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Lesson 12. Creating Special Effects > Matching color schemes across images

Matching color schemes across images

Another innovation in Photoshop CS is the ability to coordinate different images by matching color palettes. In this final task, you’ll create a different version of the file that harmonizes the color schemes in the four images by matching the target image to the dominant colors in a source.

With your working file (Montage.psd) still open, choose File Save, and then choose Image > Duplicate.

Click OK in the Duplicate Image dialog box, without changing the default name (12Montage_copy).

With the 12Montage_copy image window active, scroll down the Layers palette to the Background layer and click the eye icon () to hide that layer. If the Background layer is selected, select any other layer.

On the Layers palette menu, choose Merge Visible.

Notice that the Layers palette has been reduced to two layers: Background and a merged layer with the same name as the layer that was selected at the end of Step 3.

Choose Image > Adjustments > Match Color to open the Match Color dialog box, and do the following:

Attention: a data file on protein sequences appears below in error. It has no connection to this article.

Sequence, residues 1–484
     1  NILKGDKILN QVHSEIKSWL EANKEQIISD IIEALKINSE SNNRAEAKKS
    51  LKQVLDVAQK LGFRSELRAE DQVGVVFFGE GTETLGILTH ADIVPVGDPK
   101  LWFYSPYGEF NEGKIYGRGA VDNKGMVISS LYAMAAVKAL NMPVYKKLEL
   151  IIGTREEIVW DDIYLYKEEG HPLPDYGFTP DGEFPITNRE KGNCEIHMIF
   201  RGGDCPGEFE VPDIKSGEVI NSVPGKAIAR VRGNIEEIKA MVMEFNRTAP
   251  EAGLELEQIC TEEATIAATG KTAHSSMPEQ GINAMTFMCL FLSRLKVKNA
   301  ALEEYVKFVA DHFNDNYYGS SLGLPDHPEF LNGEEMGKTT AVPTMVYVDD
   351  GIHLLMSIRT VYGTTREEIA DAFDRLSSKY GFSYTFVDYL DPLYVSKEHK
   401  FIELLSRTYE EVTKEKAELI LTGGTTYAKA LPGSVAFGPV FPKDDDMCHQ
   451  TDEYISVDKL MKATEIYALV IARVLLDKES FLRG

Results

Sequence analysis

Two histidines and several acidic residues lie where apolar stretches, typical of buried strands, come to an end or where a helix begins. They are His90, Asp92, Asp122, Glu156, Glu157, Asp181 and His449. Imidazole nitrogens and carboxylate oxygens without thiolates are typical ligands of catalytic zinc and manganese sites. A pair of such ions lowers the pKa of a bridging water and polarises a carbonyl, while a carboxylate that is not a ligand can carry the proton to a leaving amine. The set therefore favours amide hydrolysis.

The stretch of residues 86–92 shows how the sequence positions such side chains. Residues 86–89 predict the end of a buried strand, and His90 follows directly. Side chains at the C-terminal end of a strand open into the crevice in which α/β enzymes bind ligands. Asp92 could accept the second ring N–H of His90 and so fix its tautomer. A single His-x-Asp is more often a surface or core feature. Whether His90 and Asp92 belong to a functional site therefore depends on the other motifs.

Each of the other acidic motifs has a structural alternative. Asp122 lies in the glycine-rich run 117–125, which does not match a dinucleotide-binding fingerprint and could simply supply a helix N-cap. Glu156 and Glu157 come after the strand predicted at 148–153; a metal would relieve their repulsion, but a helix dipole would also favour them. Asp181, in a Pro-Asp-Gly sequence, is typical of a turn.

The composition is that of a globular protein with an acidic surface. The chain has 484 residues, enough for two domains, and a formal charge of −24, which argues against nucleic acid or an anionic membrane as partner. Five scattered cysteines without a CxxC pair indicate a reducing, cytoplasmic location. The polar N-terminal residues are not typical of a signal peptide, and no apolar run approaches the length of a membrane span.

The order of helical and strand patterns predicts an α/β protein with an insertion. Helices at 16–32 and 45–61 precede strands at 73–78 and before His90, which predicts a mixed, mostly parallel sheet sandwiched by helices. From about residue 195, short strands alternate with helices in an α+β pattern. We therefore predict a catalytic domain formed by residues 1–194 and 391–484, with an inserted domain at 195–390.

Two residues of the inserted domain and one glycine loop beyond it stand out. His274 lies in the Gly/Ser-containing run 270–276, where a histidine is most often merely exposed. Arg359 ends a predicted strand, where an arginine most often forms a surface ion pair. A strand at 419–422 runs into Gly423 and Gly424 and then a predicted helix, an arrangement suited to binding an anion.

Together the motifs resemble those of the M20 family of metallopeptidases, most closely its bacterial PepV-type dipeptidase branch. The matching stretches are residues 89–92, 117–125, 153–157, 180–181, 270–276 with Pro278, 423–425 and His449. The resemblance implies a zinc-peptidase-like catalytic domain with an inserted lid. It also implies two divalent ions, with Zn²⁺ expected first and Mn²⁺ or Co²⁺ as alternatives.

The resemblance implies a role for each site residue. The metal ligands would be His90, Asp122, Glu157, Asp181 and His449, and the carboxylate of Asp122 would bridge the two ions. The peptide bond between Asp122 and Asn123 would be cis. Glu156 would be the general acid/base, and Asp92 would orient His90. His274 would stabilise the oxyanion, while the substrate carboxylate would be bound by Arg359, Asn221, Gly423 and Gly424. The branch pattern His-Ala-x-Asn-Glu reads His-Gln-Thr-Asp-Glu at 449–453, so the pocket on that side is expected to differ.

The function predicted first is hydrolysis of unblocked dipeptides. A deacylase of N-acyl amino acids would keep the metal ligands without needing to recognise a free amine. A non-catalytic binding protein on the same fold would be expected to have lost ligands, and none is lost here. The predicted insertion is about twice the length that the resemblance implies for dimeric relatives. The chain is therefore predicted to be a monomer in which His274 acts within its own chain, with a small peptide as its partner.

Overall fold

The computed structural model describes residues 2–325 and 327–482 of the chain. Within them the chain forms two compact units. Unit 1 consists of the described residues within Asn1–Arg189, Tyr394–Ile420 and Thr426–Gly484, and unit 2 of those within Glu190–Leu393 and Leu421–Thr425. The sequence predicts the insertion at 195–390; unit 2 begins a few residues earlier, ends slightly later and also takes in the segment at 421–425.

• Select the Preview option, if it is not already selected.

  • For Source, select 12Montage.psd (the original working file with all layers still unmerged) on the pop-up menu.

  • On the Layer pop-up menu, select the layer containing the pears image, as shown in the thumbnail to the right of the Source option. Observe the effect this has on the 12Montage_copy.psd image in the image window.

  • One by one, select the other layers and study the results shown in the image window. After you have seen how the various layers affect the image. You can also try out the Image Options by adjusting the sliders for Luminence, Color Intensity, and Fade, with or without the Neutralize option selected.

When you arrive at the selections you think do the best job of unifying the image and giving it the look you want, click OK to close the dialog box. (We used the pears-image layer and the default Image Options settings.)

In the Layers palette, make the Background layer visible again by clicking to set the eye icon ().

Choose File > Save.

You can use Match Color with any source file to create interesting and unusual effects. The Match Color feature is also useful for certain color corrections in some photographs. See Photoshop Help for more information.

You have completed Lesson 12, so you can now close the 12Start.psd and 12Start_copy.psd files.



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